Watch Live As Blue Origin Attempts To Break Record With 7th Successful Launch Of Same Rocket

New Shepard landing back during NS-12. Blue Origin

Jeff Bezos’ Blue Origin is attempting to break an exciting new record in space travel by launching its New Shepard rocket an incredible seventh time, more than any other reusable rocket. The launch, which was originally scheduled for April but was pushed back to September had to again be rescheduled due to a power supply issue. If all goes well it will launch today at 9.35am ET from the company's Van Horn launch facility in West Texas.

This is the 13th launch of the New Shepard missions. NS-13 has delivered 12 commercial payloads to space but it will also carry out some exciting science on its return to Earth. NASA’s Space Technology Mission Directorate and Blue Origin are collaborating on the so-called Tipping Point partnership, and on its way back from space, NS-13 tested precision technologies that will be crucial to a future lunar landing.

The experiment and its different components will be used to test a descent and landing computer that will identify the landing zone, match it to the map, and measure both distance to the ground and speed. Despite its repeated success, this is not an easy task to navigate on Earth. On the Moon, however, there won’t be a launchpad to return to.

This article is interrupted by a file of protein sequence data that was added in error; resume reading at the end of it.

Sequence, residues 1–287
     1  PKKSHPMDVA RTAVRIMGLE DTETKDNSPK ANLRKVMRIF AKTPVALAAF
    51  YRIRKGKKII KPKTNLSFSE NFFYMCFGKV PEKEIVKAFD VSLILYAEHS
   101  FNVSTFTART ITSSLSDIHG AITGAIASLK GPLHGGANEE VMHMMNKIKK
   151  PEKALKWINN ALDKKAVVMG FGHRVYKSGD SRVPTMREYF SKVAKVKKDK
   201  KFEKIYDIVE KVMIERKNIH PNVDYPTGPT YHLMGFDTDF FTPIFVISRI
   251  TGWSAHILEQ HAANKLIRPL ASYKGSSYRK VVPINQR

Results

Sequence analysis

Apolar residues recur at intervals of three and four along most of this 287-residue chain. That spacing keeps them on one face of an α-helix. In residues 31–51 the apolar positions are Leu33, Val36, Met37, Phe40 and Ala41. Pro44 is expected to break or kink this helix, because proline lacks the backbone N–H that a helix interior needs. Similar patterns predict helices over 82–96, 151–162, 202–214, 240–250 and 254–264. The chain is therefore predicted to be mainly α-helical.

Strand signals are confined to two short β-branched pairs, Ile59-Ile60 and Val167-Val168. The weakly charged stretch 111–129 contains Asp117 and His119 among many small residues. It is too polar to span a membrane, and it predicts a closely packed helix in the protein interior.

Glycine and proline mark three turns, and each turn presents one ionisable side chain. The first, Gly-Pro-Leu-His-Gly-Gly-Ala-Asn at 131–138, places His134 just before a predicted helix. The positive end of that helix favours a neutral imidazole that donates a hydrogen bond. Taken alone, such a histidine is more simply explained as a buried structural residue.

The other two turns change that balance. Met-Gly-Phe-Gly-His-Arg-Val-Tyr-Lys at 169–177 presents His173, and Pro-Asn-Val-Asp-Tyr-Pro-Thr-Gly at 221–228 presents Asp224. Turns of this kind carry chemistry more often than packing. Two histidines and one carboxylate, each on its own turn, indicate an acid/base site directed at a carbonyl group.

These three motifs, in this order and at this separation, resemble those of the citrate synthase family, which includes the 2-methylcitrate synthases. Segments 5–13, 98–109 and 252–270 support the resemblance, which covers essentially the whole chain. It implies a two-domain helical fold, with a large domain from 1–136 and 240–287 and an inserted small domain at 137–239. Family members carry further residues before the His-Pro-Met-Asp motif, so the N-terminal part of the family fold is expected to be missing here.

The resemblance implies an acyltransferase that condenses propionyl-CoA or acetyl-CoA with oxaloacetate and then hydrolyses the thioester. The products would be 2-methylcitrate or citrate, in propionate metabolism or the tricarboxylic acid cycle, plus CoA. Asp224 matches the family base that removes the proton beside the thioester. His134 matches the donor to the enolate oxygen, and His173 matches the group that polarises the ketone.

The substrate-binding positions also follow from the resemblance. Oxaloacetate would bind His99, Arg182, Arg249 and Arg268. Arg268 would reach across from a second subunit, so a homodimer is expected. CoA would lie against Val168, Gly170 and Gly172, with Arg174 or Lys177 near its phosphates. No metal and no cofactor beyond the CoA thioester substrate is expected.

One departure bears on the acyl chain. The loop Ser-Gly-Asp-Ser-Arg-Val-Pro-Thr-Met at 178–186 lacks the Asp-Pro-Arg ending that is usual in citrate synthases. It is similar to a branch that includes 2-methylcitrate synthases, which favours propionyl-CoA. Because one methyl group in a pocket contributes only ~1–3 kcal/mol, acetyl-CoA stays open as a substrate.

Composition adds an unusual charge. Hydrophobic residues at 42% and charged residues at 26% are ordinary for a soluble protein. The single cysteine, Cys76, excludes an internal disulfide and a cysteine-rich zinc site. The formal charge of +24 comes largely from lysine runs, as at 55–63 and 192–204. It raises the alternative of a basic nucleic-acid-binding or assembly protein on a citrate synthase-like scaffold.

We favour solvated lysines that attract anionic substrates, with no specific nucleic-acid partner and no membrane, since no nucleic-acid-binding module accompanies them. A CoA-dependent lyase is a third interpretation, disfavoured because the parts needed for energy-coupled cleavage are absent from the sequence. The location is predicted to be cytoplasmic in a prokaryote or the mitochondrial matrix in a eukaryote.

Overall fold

The rocket is expected to land back to Earth 11 minutes after launch.

"The experiment will verify how these technologies (sensors, computers, and algorithms) work together to determine a spacecraft’s location and speed as it approaches the Moon, enabling a vehicle to land autonomously on the lunar surface within 100 meters of a designated point," said Blue Origin in a statement. "The technologies could allow future missions—both crewed and robotic—to target landing sites that weren’t possible during the Apollo missions, such as regions with varied terrain near craters."

The data collected will be used in the Artemis program, NASA's ambitious plan to have the first woman and next man go to the Moon over the next five years. 

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